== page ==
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Battle of Kolombangara
Part of the Pacific Theater of World War II
Battle of Kolombangara.jpg
The cruisers USS St. Louis and HMNZS Leander firing
Date12/13 July 1943
LocationKolombangara in the Solomon Islands
Result Japanese victory
 United States
 New Zealand
 Empire of Japan
Commanders and leaders
United States Navy Walden Ainsworth Empire of Japan Shunji Isaki
3 light cruisers,
10 destroyers
1 light cruiser,
5 destroyers
Casualties and losses
1 destroyer sunk,
3 light cruisers heavily damaged,
89 killed[1]
1 light cruiser sunk,
482 killed[2]

The Battle of Kolombangara (Japanese: コロンバンガラ島沖海戦) (also known as the Second Battle of Kula Gulf) was a naval battle of the Pacific campaign of World War II, fought on the night of 12/13 July 1943, off Kolombangara in the Solomon Islands.


A Japanese "Tokyo Express" reinforcement force—commanded by Sho-sho (Rear Admiral) Shunji Izaki and comprising the light cruiser Jintsu, the destroyers Mikazuki, Yukikaze, Hamakaze, Kiyonami and Yugure and the destroyer transports Satsuki, Minazuki, Yūnagi, and Matsukaze—made a run down "The Slot" from the upper Solomons to land troops at Vila on Kolombangara by way of Kula Gulf on the night of 12 July 1943.

An Allied force—commanded by Rear Admiral Walden L. Ainsworth and comprising the United States Navy light cruisers USS Honolulu and St. Louis and Royal New Zealand Navy light cruiser HMNZS Leander, and the destroyers USS Nicholas, O'Bannon, Taylor, Jenkins, Radford, Ralph Talbot, Buchanan, Maury, Woodworth, and Gwin—were deployed in a single column with five destroyers in the van followed by the light cruisers and then by five destroyers in the rear.

The U.S. had landed troops of the 37th Infantry Division on New Georgia to attack Munda the week before and had just placed Marine Raiders ashore at Rice Anchorage on New Georgia's northern shore to seize Bairoko. Admiral Ainsworth's mission was to protect the north shore beachhead from attack by the "Tokyo Express" and if possible to prevent Imperial reinforcements from landing.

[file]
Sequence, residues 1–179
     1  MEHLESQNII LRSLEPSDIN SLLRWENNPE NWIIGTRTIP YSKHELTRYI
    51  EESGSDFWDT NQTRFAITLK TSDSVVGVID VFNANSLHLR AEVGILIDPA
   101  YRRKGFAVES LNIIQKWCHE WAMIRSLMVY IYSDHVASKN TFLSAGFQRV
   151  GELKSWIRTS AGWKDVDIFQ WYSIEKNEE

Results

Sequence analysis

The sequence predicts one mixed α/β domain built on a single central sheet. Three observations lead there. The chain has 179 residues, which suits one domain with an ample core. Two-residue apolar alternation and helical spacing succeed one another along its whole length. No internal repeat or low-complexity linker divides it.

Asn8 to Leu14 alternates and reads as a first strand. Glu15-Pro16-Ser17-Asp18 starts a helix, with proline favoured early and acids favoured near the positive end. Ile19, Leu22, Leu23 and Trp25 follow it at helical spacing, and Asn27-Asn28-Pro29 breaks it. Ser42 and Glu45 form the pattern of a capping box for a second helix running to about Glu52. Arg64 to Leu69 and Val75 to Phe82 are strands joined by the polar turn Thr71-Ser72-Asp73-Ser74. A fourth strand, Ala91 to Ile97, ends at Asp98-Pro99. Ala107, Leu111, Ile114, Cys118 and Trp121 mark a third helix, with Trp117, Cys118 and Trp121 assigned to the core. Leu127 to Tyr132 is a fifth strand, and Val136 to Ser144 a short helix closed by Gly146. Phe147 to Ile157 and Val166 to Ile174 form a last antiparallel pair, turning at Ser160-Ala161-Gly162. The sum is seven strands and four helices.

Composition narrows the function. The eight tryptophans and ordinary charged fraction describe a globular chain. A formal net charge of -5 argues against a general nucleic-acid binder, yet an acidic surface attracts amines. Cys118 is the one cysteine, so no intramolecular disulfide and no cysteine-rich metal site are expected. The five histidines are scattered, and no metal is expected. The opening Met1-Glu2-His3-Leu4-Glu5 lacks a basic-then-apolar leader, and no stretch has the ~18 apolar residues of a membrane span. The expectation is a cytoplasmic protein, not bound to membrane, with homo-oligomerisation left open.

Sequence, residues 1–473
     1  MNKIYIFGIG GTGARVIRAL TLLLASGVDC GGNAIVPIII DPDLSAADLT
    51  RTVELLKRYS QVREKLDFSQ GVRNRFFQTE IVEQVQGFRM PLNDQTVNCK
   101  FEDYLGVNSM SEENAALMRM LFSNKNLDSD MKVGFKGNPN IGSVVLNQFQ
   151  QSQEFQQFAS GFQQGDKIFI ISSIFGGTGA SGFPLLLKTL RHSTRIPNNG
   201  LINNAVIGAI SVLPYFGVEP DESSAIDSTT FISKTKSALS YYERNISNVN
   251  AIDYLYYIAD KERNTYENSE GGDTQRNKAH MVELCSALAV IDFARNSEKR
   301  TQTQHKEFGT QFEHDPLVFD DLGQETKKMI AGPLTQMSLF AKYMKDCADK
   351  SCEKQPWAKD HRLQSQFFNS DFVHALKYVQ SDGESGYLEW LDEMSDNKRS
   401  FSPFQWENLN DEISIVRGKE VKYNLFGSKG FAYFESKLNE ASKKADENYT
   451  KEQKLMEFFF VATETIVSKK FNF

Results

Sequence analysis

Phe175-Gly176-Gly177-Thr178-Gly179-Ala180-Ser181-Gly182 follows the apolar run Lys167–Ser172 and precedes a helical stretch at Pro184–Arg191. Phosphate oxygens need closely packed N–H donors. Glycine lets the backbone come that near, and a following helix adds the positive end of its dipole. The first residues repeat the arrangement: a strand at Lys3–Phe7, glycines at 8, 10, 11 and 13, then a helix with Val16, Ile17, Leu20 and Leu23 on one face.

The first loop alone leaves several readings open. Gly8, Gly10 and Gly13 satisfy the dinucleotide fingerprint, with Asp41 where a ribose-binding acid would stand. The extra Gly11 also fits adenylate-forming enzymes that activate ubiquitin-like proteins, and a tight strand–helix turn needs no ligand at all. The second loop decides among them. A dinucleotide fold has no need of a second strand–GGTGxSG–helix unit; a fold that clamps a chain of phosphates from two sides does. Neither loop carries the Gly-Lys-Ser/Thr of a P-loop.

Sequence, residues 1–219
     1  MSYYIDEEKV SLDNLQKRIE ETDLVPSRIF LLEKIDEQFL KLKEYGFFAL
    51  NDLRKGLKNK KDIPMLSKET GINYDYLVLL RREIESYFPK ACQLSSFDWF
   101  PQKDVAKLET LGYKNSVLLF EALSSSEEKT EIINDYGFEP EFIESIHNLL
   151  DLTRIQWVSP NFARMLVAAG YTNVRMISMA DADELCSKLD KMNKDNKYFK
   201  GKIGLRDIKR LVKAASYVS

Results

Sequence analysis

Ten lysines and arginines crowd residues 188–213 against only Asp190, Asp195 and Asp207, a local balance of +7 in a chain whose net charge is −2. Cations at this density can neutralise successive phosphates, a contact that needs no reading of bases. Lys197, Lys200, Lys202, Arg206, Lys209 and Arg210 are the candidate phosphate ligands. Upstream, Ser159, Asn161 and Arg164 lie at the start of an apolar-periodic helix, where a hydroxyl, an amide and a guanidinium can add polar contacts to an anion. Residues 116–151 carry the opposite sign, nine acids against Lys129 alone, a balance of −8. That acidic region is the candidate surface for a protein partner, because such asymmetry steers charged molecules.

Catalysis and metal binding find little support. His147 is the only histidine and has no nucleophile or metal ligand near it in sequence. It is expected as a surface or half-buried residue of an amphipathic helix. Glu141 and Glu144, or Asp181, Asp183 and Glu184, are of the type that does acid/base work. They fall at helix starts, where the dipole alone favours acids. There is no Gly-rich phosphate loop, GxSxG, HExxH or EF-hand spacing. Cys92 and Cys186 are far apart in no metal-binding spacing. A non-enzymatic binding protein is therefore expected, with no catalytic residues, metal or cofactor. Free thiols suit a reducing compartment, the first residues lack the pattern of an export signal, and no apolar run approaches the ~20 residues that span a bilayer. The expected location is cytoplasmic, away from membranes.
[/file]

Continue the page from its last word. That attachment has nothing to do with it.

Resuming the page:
At 01:00 on 13 July, the Allied ships established radar contact about 20 mi (17 nmi; 32 km) east of the northern tip of Kolombangara at 7°50′S 157°21′E / 7.833°S 157.35°E / -7.833; 157.35Coordinates: 7°50′S 157°21′E / 7.833°S 157.35°E / -7.833; 157.35. Ainsworth assumed he had complete surprise, but the Japanese had been aware of the Allied force for almost two hours. The destroyers increased speed to engage the Japanese force while the cruisers turned to deploy their main batteries, but the Imperial destroyers had already launched Long Lance torpedoes and turned away. Jintsu engaged the Allied ships, but all Allied fire was concentrated on the largest ship. Jintsu was reduced to a wreck while Leander was struck by a torpedo and, severely damaged, retired from the battle escorted by Radford and Jenkins. Jintsu was finally broken in two by torpedo hits and sank at about 01:45, with the loss of nearly her entire crew, including Vice Admiral Izaki.

Ainsworth pursued the Imperial destroyers, but both St. Louis and Honolulu were struck by torpedoes and damaged, while Gwin was struck amidships and scuttled at 09:30 the next morning.


Honolulu and St. Louis were out of action for several months, while Leander was under repair for a year and never returned to action during World War II.

Except for Jintsu, the Japanese force escaped damage, and the transport destroyers successfully landed 1,200 men at Vila. The Emperor's men had won a tactical victory, but of the action the naval historian Samuel Eliot Morison wrote: "A string of such victories added up to defeat."

Though at a severe cost, Ainsworth also accomplished his mission of preventing an attack on the Marines, and combined with the earlier Battle of Kula Gulf, successfully deterred the Japanese from future use of Kula Gulf in reinforcing Munda. After the Battle of Kolombangara, the Japanese chose to use Vella Gulf, Blackett Strait, and the more constricted passage at Wana Wana, resulting in a series of nightly attacks by U.S. destroyers and PT boats against their reinforcement efforts.


  1. Morison, Breaking the Bismarcks, p. 186 & 189.
  2. Hackett & Kingsepp,, Jintsu & Morison, Breaking the Bismarcks, p. 184.


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